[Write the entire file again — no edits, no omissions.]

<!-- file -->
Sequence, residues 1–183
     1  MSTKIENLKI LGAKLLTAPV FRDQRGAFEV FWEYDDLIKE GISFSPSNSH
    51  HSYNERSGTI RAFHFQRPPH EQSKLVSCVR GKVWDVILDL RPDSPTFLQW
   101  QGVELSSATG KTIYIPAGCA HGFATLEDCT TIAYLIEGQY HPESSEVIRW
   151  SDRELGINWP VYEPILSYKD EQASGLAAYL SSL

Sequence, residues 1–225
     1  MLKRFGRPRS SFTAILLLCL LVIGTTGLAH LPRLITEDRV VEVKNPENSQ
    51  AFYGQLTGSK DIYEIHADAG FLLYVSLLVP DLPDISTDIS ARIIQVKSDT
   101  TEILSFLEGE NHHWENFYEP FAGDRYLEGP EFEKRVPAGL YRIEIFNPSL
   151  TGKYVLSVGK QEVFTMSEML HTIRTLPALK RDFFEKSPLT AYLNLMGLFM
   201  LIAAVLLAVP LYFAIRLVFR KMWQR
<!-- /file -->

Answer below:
Sequence, residues 1–183
     1  MSTKIENLKI LGAKLLTAPV FRDQRGAFEV FWEYDDLIKE GISFSPSNSH
    51  HSYNERSGTI RAFHFQRPPH EQSKLVSCVR GKVWDVILDL RPDSPTFLQW
   101  QGVELSSATG KTIYIPAGCA HGFATLEDCT TIAYLIEGQY HPESSEVIRW
   151  SDRELGINWP VYEPILSYKD EQASGLAAYL SSL

Sequence, residues 1–225
     1  MLKRFGRPRS SFTAILLLCL LVIGTTGLAH LPRLITEDRV VEVKNPENSQ
    51  AFYGQLTGSK DIYEIHADAG FLLYVSLLVP DLPDISTDIS ARIIQVKSDT
   101  TEILSFLEGE NHHWENFYEP FAGDRYLEGP EFEKRVPAGL YRIEIFNPSL
   151  TGKYVLSVGK QEVFTMSEML HTIRTLPALK RDFFEKSPLT AYLNLMGLFM
   201  LIAAVLLAVP LYFAIRLVFR KMWQR